Essay about Rhetorical Analysis of Fdr's First Fireside Chat

981 Words Apr 29th, 2013 4 Pages
A Rhetorical Analysis of Franklin Delano Roosevelt’s First Fireside Chat President Franklin Roosevelt’s “First Fireside Chat” is a reassuring piece that inspired the nation in a time of need using his voice that projected his personal warmth and charm into the nation’s living rooms to explain the banking crisis. He slowly and comprehensibly informed the American people on what has been done and to explain the complex banking system while using rhetorical appeals of ethos, logos, and pathos to effectively restore American faith in the United States government and banking system. Roosevelt won the 1932 election after a landslide victory over his predecessor Herbert Hoover. At this time, America was going through one of the toughest times …show more content…
Also in the beginning of his speech he says “First of all let me state the simple fact that when you deposit money into a bank, the bank does not put the money in a safe deposit vault.” Following this quote he states exactly what is done with your money and why. Roosevelt used logic to make a statement that everyone can agree with and relate to provide a sense of unity. Roosevelt used logos throughout his speech to show Americans that he is both logical and reasonable.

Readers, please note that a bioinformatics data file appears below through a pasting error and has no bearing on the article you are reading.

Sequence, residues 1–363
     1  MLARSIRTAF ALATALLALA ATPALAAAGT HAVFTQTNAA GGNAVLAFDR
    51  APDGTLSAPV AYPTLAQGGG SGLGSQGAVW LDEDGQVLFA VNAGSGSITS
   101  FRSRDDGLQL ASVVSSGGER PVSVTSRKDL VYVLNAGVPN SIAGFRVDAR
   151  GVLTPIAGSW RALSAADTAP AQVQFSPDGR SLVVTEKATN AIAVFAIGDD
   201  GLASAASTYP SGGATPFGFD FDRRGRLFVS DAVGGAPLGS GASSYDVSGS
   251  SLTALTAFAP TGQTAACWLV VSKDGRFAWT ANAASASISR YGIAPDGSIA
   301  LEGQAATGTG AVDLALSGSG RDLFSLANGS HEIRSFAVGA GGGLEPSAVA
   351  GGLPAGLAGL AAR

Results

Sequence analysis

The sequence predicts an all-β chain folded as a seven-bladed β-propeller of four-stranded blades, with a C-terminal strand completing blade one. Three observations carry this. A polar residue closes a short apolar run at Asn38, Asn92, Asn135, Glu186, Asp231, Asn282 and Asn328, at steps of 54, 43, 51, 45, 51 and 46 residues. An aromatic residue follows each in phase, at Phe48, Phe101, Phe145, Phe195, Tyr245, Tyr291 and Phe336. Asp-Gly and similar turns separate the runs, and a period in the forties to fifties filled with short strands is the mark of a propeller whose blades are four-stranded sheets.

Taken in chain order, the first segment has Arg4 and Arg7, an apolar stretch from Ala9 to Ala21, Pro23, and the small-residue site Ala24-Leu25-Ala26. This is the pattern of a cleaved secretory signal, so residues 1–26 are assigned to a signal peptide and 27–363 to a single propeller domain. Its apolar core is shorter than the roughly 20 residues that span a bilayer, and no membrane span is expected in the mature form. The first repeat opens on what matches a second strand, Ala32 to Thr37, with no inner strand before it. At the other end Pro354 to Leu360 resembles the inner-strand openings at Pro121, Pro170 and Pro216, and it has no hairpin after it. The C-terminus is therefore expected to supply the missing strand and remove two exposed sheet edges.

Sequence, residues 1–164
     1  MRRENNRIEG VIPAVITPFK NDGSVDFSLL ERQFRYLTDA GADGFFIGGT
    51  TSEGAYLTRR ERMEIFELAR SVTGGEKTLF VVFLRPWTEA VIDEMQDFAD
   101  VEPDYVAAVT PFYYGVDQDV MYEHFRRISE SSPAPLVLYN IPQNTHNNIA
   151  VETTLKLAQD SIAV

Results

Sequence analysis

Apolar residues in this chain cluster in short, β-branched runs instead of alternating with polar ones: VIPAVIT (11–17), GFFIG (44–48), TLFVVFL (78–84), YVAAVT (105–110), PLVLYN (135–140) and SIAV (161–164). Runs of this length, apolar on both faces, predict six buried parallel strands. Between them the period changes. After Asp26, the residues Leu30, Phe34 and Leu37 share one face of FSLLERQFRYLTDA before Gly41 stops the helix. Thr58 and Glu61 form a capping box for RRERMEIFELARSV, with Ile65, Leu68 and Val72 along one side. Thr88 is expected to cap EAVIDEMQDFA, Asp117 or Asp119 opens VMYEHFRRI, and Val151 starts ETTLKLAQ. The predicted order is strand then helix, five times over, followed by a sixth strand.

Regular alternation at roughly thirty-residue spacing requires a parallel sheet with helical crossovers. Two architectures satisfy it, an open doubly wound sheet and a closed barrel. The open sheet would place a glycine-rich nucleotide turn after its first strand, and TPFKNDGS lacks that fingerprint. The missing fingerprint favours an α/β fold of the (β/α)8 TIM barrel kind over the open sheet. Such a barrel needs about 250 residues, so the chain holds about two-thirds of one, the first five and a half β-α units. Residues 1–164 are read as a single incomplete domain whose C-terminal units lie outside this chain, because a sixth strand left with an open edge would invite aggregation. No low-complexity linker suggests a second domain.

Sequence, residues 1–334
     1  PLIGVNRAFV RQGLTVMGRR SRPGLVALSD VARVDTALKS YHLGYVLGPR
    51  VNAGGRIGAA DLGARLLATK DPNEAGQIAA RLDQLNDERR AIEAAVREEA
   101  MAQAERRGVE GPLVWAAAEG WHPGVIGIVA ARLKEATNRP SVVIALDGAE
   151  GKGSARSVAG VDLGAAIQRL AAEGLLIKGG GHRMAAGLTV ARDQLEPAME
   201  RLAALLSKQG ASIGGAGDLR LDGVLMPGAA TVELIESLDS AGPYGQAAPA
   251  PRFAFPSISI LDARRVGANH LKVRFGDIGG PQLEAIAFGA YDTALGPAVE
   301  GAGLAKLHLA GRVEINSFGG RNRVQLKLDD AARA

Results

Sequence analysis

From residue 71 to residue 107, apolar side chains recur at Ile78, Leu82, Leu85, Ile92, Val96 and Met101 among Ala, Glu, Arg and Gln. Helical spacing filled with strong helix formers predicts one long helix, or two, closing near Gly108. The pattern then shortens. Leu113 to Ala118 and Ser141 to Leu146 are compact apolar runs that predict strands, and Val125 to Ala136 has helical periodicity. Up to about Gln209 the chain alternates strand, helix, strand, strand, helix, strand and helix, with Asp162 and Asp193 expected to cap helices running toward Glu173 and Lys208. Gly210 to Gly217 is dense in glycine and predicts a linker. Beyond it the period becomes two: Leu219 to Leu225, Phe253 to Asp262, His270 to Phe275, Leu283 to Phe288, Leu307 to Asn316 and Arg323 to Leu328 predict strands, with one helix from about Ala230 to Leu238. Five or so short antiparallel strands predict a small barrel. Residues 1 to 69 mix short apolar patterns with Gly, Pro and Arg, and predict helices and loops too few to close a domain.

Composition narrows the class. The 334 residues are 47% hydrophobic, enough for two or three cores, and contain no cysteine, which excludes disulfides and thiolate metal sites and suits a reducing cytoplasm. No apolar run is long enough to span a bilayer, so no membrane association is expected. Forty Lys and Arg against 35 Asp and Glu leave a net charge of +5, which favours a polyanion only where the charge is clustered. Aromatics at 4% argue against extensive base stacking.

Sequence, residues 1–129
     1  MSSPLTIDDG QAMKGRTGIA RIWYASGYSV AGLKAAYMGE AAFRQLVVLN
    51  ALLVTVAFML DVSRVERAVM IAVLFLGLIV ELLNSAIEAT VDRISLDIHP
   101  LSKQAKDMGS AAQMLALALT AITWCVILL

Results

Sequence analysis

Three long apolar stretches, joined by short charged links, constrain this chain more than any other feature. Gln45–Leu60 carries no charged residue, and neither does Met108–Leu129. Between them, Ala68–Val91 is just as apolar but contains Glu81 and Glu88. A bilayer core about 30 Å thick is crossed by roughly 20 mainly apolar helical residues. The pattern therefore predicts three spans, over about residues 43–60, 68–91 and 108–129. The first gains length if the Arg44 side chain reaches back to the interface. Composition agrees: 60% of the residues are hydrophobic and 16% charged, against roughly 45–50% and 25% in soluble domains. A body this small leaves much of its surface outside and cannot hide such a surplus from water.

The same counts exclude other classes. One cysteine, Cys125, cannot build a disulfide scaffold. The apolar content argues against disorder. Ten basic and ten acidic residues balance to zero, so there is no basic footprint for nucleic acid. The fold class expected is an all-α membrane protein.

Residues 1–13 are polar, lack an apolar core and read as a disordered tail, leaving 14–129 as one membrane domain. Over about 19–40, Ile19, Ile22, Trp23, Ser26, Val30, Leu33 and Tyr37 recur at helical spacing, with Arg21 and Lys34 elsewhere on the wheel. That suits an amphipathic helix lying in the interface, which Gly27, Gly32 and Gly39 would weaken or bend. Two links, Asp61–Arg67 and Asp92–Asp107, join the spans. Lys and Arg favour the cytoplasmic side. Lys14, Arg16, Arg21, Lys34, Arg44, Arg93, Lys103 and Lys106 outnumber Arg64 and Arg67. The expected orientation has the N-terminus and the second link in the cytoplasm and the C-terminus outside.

On top of logos, Roosevelt’s most effective rhetorical appeal in his first fireside chat is pathos. He appeals to pathos the most throughout the speech because he wants the concerned citizens to feel comforted. He explains towards the end, “After all, there is an element in the readjustment of our financial system… and that is the confidence of the people themselves… it is up to you to support and make it work.” This is where he makes the people feel important that draws attention to the audience’s desires to make it out of the banking crisis. Immediately after he inspires in unity as he concludes “It is your problem, my friends, your problem no less than it is mine. Together we cannot fail.” Roosevelt used inclusive and emotional language such as “my friends”, “we”, and “together” while referencing to what Americans desire in their future, which made people want to act. Roosevelt used pathos effectively throughout his speech to draw attention to the desires, emotions, and beliefs of the

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